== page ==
Posted in book reviews

Book review: Eddie Woo, Superstar Maths Teacher

REVIEWED BY JOSHUA, 12, NSW

Eddie Woo Superstar Maths Teacher story told by Rebecca Lim

Eddie Woo: Superstar Maths Teacher by Rebecca Lim, Wild Dingo Press, ISBN 9781925893403

Wild Dingo Press provided a review copy of this book.

Eddie Woo, the award winning mathematics teacher, has an intriguing past with lots of surprises. 

But was he always a superstar mathematician when he was young?

‘Catch you later,’ one of the boys hissed over his shoulder at where Eddie lay face down on the ground.

‘Drop you later, you mean!’ another one hooted over Eddie’s head.

Eddie Woo was one of the few Asian kids in his primary school. He was bullied for his short stature. Being known for studying didn’t help either. He had a lot of allergies and eczema which caused him to itch, only to be seen as a distraction in class by his teachers, who sent him to the principal’s office. He felt like no-one cared about him and he was neglected at school. He knew he was left out and overlooked, especially by his teachers. However, he always got high marks in English and History. 

What happened to Eddie that changed him from a victim of bullying to becoming a superstar mathematics teacher? Find out in Rebecca Lim’s captivating biography of Eddie Woo’s life. 

This is one of the most engaging biographies I’ve read because it is filled with surprises. Eddie shows his achievements and also his times of trouble. Throughout the book, you learn about Eddie’s emotions, feelings, thoughts and faith in God. Not only that, Eddie shows a few mathematical diagrams in the back of his book that emphasises how mathematics is everywhere in nature.

I rate this book 5 out of 5.

Read our earlier interview with the author of this book, Rebecca Lim.


Joshua is a regular contributor to Alphabet Soup. Read his 2020 review of Worse Things here. If YOU would like to send us a book review, check out our submission guidelines. Happy reading!

Posted in book reviews, Book reviews by Gabriel, Book reviews by kids

Book review: Gisela Kaplan, bird and primate scientist

REVIEWED BY GABRIEL, 10, NSW

Gisela Kaplan Bird and primate scientist, story told by Emily Gale (book cover)

Gisela Kaplan, Bird and Primate Scientist by Emily Gale, Wild Dingo Press, ISBN 9781925893465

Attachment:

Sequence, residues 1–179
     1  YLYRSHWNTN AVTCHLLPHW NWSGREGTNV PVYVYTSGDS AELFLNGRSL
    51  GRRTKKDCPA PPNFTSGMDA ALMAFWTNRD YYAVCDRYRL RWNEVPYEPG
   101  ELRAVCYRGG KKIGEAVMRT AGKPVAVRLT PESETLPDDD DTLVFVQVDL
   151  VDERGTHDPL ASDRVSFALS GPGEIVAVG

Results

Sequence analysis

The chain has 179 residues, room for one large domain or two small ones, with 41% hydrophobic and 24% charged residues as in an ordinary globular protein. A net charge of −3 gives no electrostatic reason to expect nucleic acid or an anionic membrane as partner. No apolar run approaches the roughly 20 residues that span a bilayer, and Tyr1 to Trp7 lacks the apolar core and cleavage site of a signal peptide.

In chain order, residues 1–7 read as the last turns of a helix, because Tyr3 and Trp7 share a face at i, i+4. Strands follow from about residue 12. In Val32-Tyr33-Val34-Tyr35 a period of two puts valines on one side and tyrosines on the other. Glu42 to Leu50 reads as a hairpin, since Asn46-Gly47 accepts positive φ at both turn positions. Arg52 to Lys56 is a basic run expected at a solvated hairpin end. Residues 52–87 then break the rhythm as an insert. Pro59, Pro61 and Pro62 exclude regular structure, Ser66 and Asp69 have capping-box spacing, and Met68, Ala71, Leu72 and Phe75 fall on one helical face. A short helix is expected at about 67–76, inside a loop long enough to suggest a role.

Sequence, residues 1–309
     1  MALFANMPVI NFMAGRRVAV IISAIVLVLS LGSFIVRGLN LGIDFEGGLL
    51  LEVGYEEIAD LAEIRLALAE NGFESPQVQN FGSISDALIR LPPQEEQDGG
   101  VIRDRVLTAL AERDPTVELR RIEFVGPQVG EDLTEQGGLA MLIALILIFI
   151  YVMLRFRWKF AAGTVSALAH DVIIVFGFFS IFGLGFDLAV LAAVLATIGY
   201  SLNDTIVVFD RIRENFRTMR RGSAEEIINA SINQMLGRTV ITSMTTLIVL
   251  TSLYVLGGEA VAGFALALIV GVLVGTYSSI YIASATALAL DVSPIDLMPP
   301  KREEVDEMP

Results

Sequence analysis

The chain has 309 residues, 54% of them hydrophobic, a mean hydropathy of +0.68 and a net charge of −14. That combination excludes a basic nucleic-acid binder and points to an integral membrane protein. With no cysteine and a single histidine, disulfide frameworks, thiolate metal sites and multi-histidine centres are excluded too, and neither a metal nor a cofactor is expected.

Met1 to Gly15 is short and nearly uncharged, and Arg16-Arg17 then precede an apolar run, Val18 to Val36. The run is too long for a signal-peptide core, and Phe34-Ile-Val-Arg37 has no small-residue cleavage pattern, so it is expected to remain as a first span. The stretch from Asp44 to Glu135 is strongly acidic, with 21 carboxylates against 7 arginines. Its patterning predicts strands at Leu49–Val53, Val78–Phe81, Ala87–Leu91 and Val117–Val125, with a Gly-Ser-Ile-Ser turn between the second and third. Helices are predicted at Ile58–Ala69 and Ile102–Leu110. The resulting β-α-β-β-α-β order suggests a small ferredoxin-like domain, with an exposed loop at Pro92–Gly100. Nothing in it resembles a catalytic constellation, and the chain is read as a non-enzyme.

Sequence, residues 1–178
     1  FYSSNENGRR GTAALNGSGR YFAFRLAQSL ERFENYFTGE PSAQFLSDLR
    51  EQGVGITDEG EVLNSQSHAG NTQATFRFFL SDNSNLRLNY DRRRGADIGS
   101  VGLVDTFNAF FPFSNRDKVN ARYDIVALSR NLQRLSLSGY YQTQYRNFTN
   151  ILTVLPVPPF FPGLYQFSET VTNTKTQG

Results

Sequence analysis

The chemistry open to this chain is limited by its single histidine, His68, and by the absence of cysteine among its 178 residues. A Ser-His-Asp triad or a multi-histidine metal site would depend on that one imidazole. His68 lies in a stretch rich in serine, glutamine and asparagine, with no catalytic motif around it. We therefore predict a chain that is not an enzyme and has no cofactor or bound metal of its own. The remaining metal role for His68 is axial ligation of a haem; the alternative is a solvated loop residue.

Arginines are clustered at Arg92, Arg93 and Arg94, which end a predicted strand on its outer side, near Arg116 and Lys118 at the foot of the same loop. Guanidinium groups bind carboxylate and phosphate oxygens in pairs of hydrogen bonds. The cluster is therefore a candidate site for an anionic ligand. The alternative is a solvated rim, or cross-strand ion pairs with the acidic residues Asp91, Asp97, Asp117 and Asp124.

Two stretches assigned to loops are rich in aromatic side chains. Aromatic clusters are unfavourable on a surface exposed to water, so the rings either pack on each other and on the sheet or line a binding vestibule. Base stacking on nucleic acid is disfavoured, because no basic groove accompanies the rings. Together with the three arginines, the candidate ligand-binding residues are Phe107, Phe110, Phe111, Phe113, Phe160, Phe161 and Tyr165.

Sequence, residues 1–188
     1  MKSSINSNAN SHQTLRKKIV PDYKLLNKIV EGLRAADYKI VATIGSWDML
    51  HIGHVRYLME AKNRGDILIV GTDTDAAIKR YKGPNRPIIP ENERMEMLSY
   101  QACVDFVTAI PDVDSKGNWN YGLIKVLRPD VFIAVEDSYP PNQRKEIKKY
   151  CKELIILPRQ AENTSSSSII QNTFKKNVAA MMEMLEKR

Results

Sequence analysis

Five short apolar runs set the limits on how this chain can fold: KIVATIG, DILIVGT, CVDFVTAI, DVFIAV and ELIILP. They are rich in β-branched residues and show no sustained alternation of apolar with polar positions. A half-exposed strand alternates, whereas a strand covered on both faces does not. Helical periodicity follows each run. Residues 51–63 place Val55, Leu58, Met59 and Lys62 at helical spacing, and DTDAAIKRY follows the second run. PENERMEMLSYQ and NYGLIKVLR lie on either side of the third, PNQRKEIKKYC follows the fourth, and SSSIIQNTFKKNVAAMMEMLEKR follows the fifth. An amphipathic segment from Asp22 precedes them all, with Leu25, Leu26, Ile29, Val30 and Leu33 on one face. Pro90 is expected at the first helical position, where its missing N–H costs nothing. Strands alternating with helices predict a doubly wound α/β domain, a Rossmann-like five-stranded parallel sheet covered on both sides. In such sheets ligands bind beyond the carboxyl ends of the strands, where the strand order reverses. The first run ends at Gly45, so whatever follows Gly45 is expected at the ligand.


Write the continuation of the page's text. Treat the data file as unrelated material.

The publisher provided a review copy of this book.

How did Gisela Kaplan, a young German survivor of WWII become a world-leading expert in the behaviour of animals?

This book is a biography of Gisela Kaplan written by Emily Gale. Gisela Kaplan had a hard life in Germany after the Second World War. Then after she immigrated to Australia, the book shows how other people helped her along in her career as she played a role in primate and bird science. In addition, there are notes to help explain words you don’t understand.

When she arrives in Australia what jobs could she take? How did she learn a second language, and how does she support her daughter? Read Aussie STEM Stars Gisela Kaplan to find out more and all the answers to these questions!

I like this book and for me, it is five-star rated because it shows an emotional story of immigration. It also shows how much practice has to go into work till you can fulfil your dream, as you can see how she consistently worked away from home, in the work field.   

This book would be for ages ten and up to read by themselves although most children from the age of six to ten can read with someone to help the children understand. Go grab a copy of this amazing book either online or hard copy.

Read a sample chapter from this book

Read our interview with the author


Gabriel is a regular book reviewer at Alphabet Soup. You can read more of his reviews here.

Posted in authors, interviews

Claire Saxby on Georgia Ward-Fear: Reptile biologist and explorer

Claire Saxby MEET THE AUTHOR

Claire Saxby writes novels, picture books, nonfiction and poetry for children. Her books are published all around the world. This month she launches a new nonfiction book Georgia Ward-Fear: Reptile biologist and explorer, which is Book 2 in the new Aussie STEM Stars series.

From the publisher:

 Georgia Ward-Fear’s conservation journey has seen her travel the world, empower young girls to become environmental leaders, and carry out trailblazing work to save native animals from the threat of cane toads.